1.0 Introduction

The forestry sector is another major economic contributor to the national economy, bringing in a significant portion of the gross domestic product. This is seen as a viable business for Guyana's forests contain many valuable species of wood and is known for its hardwoods such as  the Greenheart and Purpleheart species which are found mainly in Guyana.

1.1 Problems associated with logging     

Though exploitation of natural resources is necessary for Guyana's economic growth, the methods used to extract them is the deciding factor in maintaining the health of the environment and ensuring sustainable development. In relation to forestry, there are methods which foresters can employ to extract timber and at the same time keeping adverse impacts to a minimum -  sustainable forestry. This will ensure that there are more trees for future extraction. Keeping impacts on species of flora and fauna at a minimum is also in the interest of foresters as many of these species are vital for the propagation and growth of commerically important trees species.

If logging activities are not effectively managed, it can result in loss of species - both plant and animal; as well as the erosion of topsoil which can lead to nutrient loss, blocking of water channels and eventual flooding. The water ways in the locations can also be affected by siltation of the water, thus affecting the aquatic plant and animal life as well as causing other problems downstream. In addition the general degradation of the land, it is possible that the conditions especially that of clear felling, or excessive felling, can lead to desertification or a drastic change in the vegetative cover as well as the physical environment, i.e. topography. Even carefully managed logging activities have adverse effects with skid trails, access roads and felling. Effects can also be anthropogenic, and in this case affect the livelihood of the Indigenous people who live in or near to the areas being logged. Sometimes conflicts occur between the Indigenous people and forestry concessions, sometimes concessions granted to logging companies containing settlements.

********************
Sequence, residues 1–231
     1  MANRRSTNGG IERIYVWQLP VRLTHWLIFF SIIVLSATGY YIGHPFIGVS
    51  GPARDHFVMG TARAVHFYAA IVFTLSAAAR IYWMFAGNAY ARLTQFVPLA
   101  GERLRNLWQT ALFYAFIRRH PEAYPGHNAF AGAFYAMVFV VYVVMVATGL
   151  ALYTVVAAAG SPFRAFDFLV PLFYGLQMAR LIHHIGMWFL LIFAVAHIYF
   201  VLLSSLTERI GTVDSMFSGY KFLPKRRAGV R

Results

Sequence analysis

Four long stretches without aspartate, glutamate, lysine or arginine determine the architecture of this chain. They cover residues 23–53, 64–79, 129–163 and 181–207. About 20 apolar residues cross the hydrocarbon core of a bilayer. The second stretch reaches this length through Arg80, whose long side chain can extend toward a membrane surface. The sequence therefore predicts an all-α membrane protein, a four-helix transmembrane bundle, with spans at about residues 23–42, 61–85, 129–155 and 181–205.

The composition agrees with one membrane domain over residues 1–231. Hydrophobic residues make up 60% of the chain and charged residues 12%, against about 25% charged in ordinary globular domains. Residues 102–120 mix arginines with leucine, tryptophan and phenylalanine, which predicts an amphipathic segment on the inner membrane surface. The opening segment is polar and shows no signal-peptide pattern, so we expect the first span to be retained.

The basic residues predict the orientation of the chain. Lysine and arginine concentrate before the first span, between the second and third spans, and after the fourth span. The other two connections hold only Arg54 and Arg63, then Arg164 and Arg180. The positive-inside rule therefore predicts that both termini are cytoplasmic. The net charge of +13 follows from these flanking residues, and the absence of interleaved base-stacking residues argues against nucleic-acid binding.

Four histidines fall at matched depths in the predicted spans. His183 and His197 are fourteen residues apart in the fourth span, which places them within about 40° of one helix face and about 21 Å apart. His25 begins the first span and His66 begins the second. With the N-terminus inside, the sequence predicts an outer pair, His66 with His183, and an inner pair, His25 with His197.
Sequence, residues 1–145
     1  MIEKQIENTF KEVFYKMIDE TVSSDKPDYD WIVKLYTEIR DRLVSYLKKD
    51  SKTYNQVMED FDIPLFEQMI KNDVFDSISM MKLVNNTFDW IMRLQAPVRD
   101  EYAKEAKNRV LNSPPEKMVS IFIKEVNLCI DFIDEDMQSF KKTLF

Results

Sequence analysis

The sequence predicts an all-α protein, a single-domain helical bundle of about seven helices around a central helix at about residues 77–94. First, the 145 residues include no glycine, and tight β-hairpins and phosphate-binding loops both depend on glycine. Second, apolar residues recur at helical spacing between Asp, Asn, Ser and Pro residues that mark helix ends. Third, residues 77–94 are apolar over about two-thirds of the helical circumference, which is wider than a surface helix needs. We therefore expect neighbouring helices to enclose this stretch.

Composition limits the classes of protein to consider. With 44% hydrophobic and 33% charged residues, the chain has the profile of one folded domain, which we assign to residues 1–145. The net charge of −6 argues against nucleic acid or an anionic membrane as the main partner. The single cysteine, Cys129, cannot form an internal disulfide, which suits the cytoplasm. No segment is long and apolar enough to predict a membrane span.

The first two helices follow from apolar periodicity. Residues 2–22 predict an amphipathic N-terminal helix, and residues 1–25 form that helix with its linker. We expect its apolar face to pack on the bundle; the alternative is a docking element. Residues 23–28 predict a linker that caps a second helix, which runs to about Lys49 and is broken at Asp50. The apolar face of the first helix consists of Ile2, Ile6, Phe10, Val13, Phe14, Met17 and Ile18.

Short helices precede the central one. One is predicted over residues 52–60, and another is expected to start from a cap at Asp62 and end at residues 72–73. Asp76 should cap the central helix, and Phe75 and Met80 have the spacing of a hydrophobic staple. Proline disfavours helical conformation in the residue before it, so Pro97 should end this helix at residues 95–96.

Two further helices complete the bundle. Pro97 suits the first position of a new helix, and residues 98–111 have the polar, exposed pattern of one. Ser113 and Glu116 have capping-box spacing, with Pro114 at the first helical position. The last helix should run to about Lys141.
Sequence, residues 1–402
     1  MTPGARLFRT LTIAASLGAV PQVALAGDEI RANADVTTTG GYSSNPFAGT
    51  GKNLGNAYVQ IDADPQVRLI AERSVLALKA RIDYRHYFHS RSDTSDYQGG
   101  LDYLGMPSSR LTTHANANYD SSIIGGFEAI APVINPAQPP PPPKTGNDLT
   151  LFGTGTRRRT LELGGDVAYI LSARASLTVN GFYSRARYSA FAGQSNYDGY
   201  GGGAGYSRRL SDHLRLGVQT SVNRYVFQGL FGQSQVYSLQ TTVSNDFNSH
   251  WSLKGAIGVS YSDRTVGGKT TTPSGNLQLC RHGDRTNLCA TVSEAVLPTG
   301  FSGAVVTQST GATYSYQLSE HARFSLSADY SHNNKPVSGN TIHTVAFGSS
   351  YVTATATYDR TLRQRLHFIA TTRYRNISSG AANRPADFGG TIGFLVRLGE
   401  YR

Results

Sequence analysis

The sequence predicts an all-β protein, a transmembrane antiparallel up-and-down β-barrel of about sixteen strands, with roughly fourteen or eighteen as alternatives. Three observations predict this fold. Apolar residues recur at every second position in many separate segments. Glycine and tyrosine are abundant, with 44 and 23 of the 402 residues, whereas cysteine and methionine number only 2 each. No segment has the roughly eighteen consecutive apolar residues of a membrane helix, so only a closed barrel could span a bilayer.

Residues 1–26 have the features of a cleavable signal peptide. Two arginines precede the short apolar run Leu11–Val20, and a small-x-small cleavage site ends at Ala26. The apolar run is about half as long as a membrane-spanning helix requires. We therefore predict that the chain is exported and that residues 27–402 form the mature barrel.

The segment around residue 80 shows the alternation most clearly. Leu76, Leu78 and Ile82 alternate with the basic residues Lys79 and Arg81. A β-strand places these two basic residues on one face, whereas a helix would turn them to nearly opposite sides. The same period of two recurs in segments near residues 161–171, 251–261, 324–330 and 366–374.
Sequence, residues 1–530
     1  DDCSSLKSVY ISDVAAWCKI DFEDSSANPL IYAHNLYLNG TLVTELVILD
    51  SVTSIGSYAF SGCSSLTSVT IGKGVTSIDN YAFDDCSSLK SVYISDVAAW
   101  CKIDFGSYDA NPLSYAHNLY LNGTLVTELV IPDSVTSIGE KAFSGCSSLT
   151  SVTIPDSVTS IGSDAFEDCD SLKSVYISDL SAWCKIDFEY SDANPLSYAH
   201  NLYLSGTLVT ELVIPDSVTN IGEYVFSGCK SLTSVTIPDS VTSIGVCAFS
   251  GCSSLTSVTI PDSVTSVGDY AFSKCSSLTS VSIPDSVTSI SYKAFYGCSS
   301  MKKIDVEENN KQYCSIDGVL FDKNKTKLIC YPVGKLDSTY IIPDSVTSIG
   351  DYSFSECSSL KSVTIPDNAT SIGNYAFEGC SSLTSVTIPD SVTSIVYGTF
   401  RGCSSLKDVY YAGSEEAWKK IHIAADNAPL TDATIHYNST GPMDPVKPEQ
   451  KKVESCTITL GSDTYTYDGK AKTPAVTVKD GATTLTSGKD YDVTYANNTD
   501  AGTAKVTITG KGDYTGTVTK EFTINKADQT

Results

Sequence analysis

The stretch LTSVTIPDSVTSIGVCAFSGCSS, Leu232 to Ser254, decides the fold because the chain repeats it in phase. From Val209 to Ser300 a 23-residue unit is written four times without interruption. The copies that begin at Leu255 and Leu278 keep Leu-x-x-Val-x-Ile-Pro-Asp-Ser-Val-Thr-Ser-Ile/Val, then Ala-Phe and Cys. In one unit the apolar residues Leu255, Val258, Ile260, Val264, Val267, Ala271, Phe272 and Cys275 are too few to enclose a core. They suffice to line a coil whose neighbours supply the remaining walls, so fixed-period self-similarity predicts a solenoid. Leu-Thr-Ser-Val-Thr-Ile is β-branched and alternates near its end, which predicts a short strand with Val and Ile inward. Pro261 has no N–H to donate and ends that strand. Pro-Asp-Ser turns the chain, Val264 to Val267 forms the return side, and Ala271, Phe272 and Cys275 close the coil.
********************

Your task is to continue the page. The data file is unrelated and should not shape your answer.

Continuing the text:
One major non timber product being harvested in Guyana is the heart of palm or the cabbage palm. It is harvested from the Manicole Palm which grows in the interior forests of the country. Foreign firms pay the indigenous people a meager sum for every bundle of the harvest. This is a growing issue as the palm itself is listed on the ICUN's red list of threatened species.

1.2 Impacts of improper practices on Guyana's economy

With today's higher level of environmental awareness ion the international level, certain conditions and restrictions are now placed by western countries upon the importation of timber. If the wood is from an endangered specie of tree or not certified as being harvested by environmentally friendly methods, then entry into the market will be refused. Countries such such as Guyana who depend on this commodity as a major income earner, must re-examine their logging methods. If certain requirements are not satisfied, they will loose a significant portion of the national earnings. Meanwhile, this measure will hopefully encourage more sustainable logging in Guyana and worldwide.


Plate 1. Forest trail from Linden to Annai.